We characterize the types of interactions between foreign direct investment (FDI) and economic growth, and analyze the effect of institutional quality on such interactions. To do this analysis, we develop a class of instrument-based semiparametric system of simultaneous equations estimators for panel data and prove that our estimators are consistent and asymptotically normal. Our new methodological tool suggests that across developed and developing economies, causal, heterogeneous symbiosis and commensalism are the most dominant types of interactions between FDI and economic growth. Higher institutional quality facilitates, impedes or has no effect on the interactions between FDI and economic growth.
Elizabeth Byrd and Shamar Stewart provided excellent research assistance. We thank participants at the 2013 China Meeting of the Econometric Society, the 2013 Asian Meeting of the Econometric Society, and the Department of Economics Research Seminar at the University of the West Indies at Mona for helpful comments. McCloud thanks the support of the Mona Research Fellowship from the Office of the Principal at University of the West Indies at Mona. This research was supported in part by computational resources provided by Information Technology at Purdue – Rosen Center for Advanced Computing, Purdue University, West Lafayette, Indiana. This paper has been presented under its previous title “Are There Feedbacks Between Foreign Direct Investment And Economic Growth? A Semiparametric System Of Simultaneous Equations Analysis With Instrumental Variables”.
In this appendix, we assume C ∈ (0, ∞) is an arbitrary bounded constant. Recall that n ≡ NT; we use these terms interchangeably. The integral symbol represents a multiple integral of varying dimensions depending on the context in which it is used. We provide the proofs for only Proposition 3.2, Proposition 3.3 and Proposition 3.9 and Theorem 3.4 because the proofs for Corollary 3.7 and Theorem 3.6 and Theorem 3.11 are less involved. Many of the ensuing proofs use convergence in mean square.
Proof of Proposition Proposition 3.2:.
(i) Note that
We now prove part (ib); the proof of part (ia) can be easily established using the approach below.
where the second equality is by virtue of Assumption A.1, the fourth equality follows from law of iterative expectations (LIE), the sixth equality uses a change of variable, and the remaining equalities are consequences of changes in the implied canonical differential form, Lebesgue Dominated Convergence Theorem, and Assumption A.2, Assumption A.3, and Assumption A.5.
We now show that as . We define
where W2, itr is the r-th element of W2, it and is the s-th element of . Then, by Assumption A.1, we obtain
Now, by Assumption A.1 and Assumption A.2, and for a fixed T, it is straightforward to show that . By similar arguments and using the Cauchy-Schwarz result that yield . Hence, we obtain as required. Therefore, we have
By invoking similar steps to those above, we deduce that
Thus, the proof of part (i) is complete.
(ii) Note that
The proofs for Bn,11 and Bn,22 follow directly from Cai and Li (2008) [Proof of Proposition (ii)], which yields and . To complete the proof, it remains to show that (iia) and (iib) .
Thus, . In addition, any (r, s)-entry of the Var(Bn,12) converges to zero.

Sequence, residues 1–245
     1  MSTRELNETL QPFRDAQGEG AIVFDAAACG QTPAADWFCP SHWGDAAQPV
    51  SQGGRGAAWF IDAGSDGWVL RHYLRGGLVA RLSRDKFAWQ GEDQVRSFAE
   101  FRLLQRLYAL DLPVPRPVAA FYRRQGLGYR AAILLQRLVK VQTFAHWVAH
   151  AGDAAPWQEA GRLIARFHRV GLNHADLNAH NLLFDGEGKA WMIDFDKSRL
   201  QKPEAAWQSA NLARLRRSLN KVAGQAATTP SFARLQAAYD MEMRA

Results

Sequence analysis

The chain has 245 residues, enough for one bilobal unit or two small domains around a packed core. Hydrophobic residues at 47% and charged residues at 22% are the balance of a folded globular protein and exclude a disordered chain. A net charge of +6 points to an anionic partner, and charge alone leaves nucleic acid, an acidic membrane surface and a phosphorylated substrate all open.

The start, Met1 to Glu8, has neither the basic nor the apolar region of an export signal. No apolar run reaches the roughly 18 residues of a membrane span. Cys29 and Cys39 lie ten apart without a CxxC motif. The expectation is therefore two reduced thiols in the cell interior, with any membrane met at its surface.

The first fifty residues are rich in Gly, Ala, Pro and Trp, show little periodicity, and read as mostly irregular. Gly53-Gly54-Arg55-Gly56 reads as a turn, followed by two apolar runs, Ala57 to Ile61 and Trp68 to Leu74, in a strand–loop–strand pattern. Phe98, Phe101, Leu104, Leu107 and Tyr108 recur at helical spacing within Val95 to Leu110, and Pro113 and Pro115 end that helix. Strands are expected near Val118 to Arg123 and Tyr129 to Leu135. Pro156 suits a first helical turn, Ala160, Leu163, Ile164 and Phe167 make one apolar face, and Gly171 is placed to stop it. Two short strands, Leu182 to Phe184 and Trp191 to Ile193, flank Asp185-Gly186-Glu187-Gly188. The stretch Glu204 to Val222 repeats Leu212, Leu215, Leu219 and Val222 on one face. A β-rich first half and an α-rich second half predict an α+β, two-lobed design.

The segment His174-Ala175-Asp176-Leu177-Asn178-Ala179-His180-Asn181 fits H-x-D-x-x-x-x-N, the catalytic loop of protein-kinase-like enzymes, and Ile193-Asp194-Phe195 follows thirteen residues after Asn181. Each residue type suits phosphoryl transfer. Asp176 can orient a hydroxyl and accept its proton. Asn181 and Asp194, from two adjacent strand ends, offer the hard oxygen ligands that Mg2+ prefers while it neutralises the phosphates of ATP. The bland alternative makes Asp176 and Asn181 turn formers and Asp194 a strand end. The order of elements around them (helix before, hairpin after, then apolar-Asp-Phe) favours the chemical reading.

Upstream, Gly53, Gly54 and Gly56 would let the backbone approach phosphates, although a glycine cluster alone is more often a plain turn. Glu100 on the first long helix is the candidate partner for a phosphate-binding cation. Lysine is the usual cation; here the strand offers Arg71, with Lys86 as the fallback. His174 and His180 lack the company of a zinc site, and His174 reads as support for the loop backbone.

Similarly, for (iib), we can show that , and any (r, s)-entry of the Var(Bn,21) converges to zero. Therefore, and , which respectively do not statistically dominate Bn, 11 and Bn,22. Hence, the proof of part (ii) is complete.
(iii) Note that
The proofs for Rn, 11 and Rn,22 follow directly from Cai and Li (2008) [Proof of Proposition (iii)], which yield that and . To complete the proof, we now show that (iiia) and (iiib) .
We prove part (iiib); by symmetry, the proof of part (iiia) easily follows.
where the last equality is a consequence of LIE. Applying a change of variables, the result that , Lebesgue Dominated Convergence Theorem, and Assumption A.1 to Assumption A.3, we obtain as required. By symmetry, it is straightforward to derive the result that . Furthermore, any (r, s)-entry of both the Var(Rn,21) and Var(Rn,12) converges to zero. In essence, the terms Rn,11 and Rn,22 stochastically dominate their counterparts. Therefore, we obtain the desired result. □
Proof of Proposition Proposition 3.3:.
Since , we write . Now
To prove that
we will show that the off-diagonal block terms for in A.4 are of smaller order than its (1, 1) and (2, 2) main-diagonal block terms, which are of orders and respectively.
(i) To compute , note that
For the first term in (42), we have,
Hence, V11,2 = O(n−1) and therefore by virtue of Assumption A.2 we obtain
To see this observe the following. The third and fourth summands in are zero by Assumption A.1. For the first summand in , note that
For the fourth term in (42),
Then, for a fixed T, V12,1 = O(N−1) = o(1). In a similar manner, we obtain V12,2 = o(1).
(ii) Note that by symmetry, . To compute , we use the decomposition
Similarly, for the second term in (45),
For the third term in (45),
For the fourth term in (45),
(iii) To compute , note that
For the first term in (46), we proceed as follows,
Using the steps in (44), we can show that
Hence, for a fixed T, V21,1 = O(N−1). Similarly, we obtain V21,2 = o(1).
For the second term in (46),
For the fourth term in (46),
Similar to the above proof of , we can easily show that
In essence, the off-diagonal block terms for in A.4 are of smaller order than its (1, 1) and (2, 2) main-diagonal block terms, which are of orders and respectively. Therefore, this completes the proof of Proposition 3.3. □
Proof of Theorem Theorem 3.4:.
We apply the Cramér-Wold device to assist in establishing asymptotic normality, given the multivariate nature of our semiparametric system estimator. We introduce some additional notations for ease of exposition. We define